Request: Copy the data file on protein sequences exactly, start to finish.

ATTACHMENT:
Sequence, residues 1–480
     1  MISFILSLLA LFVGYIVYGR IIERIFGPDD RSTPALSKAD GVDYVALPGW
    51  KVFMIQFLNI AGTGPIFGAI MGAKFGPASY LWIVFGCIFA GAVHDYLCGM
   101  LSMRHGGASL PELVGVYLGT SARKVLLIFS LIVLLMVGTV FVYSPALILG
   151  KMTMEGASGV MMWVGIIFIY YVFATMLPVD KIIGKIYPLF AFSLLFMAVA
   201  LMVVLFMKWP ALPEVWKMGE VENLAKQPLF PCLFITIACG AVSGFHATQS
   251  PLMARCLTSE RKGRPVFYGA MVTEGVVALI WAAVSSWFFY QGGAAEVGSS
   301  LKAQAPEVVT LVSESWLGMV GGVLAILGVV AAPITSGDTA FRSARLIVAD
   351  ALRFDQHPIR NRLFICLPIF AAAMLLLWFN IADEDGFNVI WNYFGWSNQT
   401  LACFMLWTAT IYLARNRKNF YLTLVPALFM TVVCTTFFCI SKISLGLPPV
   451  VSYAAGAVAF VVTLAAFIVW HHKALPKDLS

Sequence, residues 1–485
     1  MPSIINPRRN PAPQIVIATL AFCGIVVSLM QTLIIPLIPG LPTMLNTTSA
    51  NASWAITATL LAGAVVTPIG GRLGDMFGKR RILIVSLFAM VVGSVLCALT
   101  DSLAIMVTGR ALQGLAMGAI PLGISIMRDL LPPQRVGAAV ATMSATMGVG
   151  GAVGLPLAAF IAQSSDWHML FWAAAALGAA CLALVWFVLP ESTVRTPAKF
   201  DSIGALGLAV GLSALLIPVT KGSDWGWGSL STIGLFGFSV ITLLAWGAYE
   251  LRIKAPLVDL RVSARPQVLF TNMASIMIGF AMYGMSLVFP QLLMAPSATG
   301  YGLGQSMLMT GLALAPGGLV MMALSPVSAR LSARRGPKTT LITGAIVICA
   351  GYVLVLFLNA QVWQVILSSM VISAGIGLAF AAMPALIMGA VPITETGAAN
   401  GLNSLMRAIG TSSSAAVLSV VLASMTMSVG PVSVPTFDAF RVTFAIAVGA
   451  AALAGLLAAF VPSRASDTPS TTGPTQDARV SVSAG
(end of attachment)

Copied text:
Sequence, residues 1–480
     1  MISFILSLLA LFVGYIVYGR IIERIFGPDD RSTPALSKAD GVDYVALPGW
    51  KVFMIQFLNI AGTGPIFGAI MGAKFGPASY LWIVFGCIFA GAVHDYLCGM
   101  LSMRHGGASL PELVGVYLGT SARKVLLIFS LIVLLMVGTV FVYSPALILG
   151  KMTMEGASGV MMWVGIIFIY YVFATMLPVD KIIGKIYPLF AFSLLFMAVA
   201  LMVVLFMKWP ALPEVWKMGE VENLAKQPLF PCLFITIACG AVSGFHATQS
   251  PLMARCLTSE RKGRPVFYGA MVTEGVVALI WAAVSSWFFY QGGAAEVGSS
   301  LKAQAPEVVT LVSESWLGMV GGVLAILGVV AAPITSGDTA FRSARLIVAD
   351  ALRFDQHPIR NRLFICLPIF AAAMLLLWFN IADEDGFNVI WNYFGWSNQT
   401  LACFMLWTAT IYLARNRKNF YLTLVPALFM TVVCTTFFCI SKISLGLPPV
   451  VSYAAGAVAF VVTLAAFIVW HHKALPKDLS

Sequence, residues 1–485
     1  MPSIINPRRN PAPQIVIATL AFCGIVVSLM QTLIIPLIPG LPTMLNTTSA
    51  NASWAITATL LAGAVVTPIG GRLGDMFGKR RILIVSLFAM VVGSVLCALT
   101  DSLAIMVTGR ALQGLAMGAI PLGISIMRDL LPPQRVGAAV ATMSATMGVG
   151  GAVGLPLAAF IAQSSDWHML FWAAAALGAA CLALVWFVLP ESTVRTPAKF
   201  DSIGALGLAV GLSALLIPVT KGSDWGWGSL STIGLFGFSV ITLLAWGAYE
   251  LRIKAPLVDL RVSARPQVLF TNMASIMIGF AMYGMSLVFP QLLMAPSATG
   301  YGLGQSMLMT GLALAPGGLV MMALSPVSAR LSARRGPKTT LITGAIVICA
   351  GYVLVLFLNA QVWQVILSSM VISAGIGLAF AAMPALIMGA VPITETGAAN
   401  GLNSLMRAIG TSSSAAVLSV VLASMTMSVG PVSVPTFDAF RVTFAIAVGA
   451  AALAGLLAAF VPSRASDTPS TTGPTQDARV SVSAG